The Politics of Energy - First blog from APPrO 2016

By Sean Mallen



The subject was energy, the theme was “Challenge + Change”, but the conversations throughout APPrO’s 2016 conference were dominated by the political earthquake in the United States.


Dan Dolan, President of the New England Power Generators Association, put it out early in the first panel discussion of the first day.  


“Not sure if you heard, but we had a little election,” he said wryly.  


The upset victory by Donald Trump in the presidential election meant that the White House would soon be occupied by a man who once tweeted that climate change was a fraud dreamed up by the Chinese.  


Dolan and other American speakers agreed, however, that Trump’s impact on climate change initiatives could be limited, given that most of them are being driven at the state level.  Dolan’s region, New England, is taking some of the most aggressive measures to cut carbon emissions. 


“It may be naïve to say, but the presidential results are not going to dramatically change what happens in the local markets,” he said. 


Similarly, he noted that opposition to new projects is almost invariably local, as are the political pressures.  Dolan said that many politicians observe their own version of NIMBY (not in my backyard), which is NIMTO— “not in my term of office”.  


The impact of political calculations also weighed heavily in discussions about Ontario’s energy future.  Just a week before the conference it was revealed that the Liberal government’s internal polling has shown that 94% of Ontarians want relief on their electricity bills.  The poll was done over the summer, and explains why the government announced a rebate on the provincial portion of the HST on power bills, and why it cancelled an array of green energy projects, saving approximately $3.2 billion. 


Ratepayer outrage over prices was clearly reflected in Energy Minister Glenn Thibeault’s keynote speech to the conference.  He repeatedly stressed the need to reduce costs.  The Liberal government is trailing badly in the polls, and energy is seen as a key reason for its unpopularity. 


“We are focused on delivering costs savings for consumers and businesses.  Keep this goal in mind,” said Thibeault. 


When Opposition Leader Patrick Brown spoke to the conference the following morning, he was ready with his retorts. 


“The energy file has been terribly mismanaged by the government,” he said, saying that Ontario has the highest industrial rates in all North America, even while the province has a large surplus of electricity.  


He pledged: “a PC government would do everything it could to de-politicize” energy planning.


The Ontario NDP was also represented at the APPrO Conference.   In a panel discussion on the politics of electricity, MPP Peter Tabuns slammed the Liberal government for what he sees as an over-reliance on nuclear and fossil fuel.


“Unless they put efficiency and conservation at the centre, they’re going to have trouble,” said Tabuns.  “This is going to be an extremely stormy file for anyone.”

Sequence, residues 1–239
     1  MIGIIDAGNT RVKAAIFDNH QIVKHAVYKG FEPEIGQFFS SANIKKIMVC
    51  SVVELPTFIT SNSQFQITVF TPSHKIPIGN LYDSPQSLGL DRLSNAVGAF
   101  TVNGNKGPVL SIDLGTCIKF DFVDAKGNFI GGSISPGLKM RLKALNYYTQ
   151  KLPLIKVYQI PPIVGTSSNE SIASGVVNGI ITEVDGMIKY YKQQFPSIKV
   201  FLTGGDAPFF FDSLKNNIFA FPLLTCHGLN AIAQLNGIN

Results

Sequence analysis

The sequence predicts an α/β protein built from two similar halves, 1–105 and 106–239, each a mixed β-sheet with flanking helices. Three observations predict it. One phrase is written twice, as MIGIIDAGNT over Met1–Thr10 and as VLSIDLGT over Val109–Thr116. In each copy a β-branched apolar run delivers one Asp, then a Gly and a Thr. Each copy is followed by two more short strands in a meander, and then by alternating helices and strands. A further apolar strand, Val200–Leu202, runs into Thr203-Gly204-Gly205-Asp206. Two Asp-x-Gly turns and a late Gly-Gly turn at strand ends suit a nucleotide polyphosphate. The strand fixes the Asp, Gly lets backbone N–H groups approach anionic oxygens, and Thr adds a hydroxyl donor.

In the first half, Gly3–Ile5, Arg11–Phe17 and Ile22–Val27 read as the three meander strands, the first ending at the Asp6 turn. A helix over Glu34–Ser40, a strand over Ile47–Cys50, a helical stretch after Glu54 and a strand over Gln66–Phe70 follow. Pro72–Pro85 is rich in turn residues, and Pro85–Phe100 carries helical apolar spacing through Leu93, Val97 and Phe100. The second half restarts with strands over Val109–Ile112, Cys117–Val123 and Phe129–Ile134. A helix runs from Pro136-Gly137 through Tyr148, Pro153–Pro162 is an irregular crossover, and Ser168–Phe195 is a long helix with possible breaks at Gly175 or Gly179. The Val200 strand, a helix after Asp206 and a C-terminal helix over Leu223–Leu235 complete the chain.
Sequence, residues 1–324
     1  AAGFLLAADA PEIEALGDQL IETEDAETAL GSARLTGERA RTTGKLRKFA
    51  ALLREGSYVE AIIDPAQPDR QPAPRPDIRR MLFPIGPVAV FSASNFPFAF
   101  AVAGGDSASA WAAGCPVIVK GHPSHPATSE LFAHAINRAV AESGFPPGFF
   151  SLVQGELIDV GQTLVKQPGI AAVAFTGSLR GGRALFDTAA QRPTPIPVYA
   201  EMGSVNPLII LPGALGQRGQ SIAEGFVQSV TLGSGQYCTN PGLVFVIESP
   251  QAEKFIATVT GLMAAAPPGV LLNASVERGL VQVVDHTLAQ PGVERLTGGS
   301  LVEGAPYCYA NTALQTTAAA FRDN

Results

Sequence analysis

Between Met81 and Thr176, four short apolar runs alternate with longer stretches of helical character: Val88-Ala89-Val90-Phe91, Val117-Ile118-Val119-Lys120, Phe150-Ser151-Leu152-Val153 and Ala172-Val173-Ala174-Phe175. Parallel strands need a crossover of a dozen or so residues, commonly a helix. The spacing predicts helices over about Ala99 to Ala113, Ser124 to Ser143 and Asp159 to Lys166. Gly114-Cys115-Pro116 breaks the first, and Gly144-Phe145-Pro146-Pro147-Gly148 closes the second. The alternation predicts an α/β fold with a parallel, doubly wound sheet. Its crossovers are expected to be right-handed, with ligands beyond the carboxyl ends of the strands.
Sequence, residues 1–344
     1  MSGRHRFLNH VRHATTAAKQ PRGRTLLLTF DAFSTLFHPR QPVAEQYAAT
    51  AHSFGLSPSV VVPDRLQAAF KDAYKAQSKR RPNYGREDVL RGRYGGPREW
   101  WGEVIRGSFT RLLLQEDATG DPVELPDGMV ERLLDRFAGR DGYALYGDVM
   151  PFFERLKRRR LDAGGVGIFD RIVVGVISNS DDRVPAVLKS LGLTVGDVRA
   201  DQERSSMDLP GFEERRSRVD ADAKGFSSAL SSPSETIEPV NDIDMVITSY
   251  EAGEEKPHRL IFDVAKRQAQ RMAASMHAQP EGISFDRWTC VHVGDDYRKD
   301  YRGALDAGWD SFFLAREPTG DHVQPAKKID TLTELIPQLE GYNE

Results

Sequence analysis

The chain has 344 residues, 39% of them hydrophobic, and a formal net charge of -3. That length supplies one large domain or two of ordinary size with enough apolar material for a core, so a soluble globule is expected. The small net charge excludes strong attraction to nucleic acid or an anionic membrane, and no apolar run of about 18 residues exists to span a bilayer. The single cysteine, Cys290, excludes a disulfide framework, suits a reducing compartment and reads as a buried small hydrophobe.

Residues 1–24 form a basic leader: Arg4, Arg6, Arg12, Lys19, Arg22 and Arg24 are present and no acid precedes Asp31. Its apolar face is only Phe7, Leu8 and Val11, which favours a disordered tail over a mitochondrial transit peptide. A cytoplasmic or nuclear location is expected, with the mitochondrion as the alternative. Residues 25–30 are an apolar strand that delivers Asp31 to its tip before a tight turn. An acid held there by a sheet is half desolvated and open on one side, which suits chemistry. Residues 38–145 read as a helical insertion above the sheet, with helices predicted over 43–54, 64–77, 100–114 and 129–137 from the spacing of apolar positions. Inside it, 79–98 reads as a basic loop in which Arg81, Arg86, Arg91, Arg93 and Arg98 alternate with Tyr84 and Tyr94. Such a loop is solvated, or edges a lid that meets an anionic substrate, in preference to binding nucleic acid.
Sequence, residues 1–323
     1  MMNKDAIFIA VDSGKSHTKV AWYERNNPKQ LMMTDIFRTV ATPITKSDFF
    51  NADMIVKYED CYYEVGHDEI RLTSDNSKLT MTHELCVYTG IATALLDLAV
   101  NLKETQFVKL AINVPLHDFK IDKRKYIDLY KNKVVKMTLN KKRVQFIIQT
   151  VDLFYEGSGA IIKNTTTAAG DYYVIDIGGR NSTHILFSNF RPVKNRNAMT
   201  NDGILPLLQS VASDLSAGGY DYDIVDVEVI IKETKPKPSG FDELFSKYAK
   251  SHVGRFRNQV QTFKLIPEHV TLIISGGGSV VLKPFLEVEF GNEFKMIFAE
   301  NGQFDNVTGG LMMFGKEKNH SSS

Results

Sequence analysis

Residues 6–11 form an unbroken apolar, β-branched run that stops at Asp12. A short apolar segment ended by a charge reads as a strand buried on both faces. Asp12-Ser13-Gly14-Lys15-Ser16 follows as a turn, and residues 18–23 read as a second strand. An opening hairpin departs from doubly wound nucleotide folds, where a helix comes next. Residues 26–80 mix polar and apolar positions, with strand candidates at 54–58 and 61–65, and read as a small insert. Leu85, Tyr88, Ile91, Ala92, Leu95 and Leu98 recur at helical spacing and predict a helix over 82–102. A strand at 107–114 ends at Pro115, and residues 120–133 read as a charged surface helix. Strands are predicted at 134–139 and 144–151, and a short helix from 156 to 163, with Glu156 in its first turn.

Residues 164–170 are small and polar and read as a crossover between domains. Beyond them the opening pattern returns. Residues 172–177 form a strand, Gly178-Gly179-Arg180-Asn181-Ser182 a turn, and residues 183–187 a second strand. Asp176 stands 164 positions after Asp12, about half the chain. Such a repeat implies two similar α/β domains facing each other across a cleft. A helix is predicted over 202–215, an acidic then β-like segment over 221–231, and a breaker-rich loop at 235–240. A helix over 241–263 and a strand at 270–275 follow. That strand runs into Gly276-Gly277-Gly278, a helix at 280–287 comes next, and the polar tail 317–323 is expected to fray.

Moderating the Tabuns panel was former Energy Minister Dwight Duncan, who drew spontaneous applause when he observed bluntly: “our parties have been bullshitting about energy for 30 years.”


“All of us face some responsibility”, he said for what he described as a failure to deal with the central problems of energy planning.  


But Duncan is no longer running for office.  Those who are still in the Ontario political arena face an election in a year and a half and panellists in the politics session agreed that electricity pricing looms as the number one issue—which causes concern in the industry.


“I don’t think either the electricity sector or the government have done a good job explaining why prices are where they are,” said APPrO President Dave Butters.  


“We should all be concerned about that.”


Butters has seen past Ontario governments lurch into questionable action when faced with consumer outrage.  In 2002, former PC Premier Ernie Eves froze prices at artificially low levels, a measure that drew much criticism. 


“I’ve been around long enough to know when electricity prices are a political issue, governments react.  And not always in a helpful way.”


Speakers predicted that the 2018 Ontario campaign would shed more heat than light on energy.


Mike Van Soelen, a former political advisor who is now a consultant at Navigator Limited, predicted that the two opposition parties “will develop policies but equally are hoping that they don’t have to speak about it much.”


Van Soelen believes that the PCs and New Democrats will focus on criticism of the Liberal government’s record, hoping to capitalize on voter fatigue with a party that has held power since 2003. 


“They have to just be ‘the other guys’ and not say anything stupid or ridiculous.”


It is an old axiom of political campaigns:  they are more often lost than won.  



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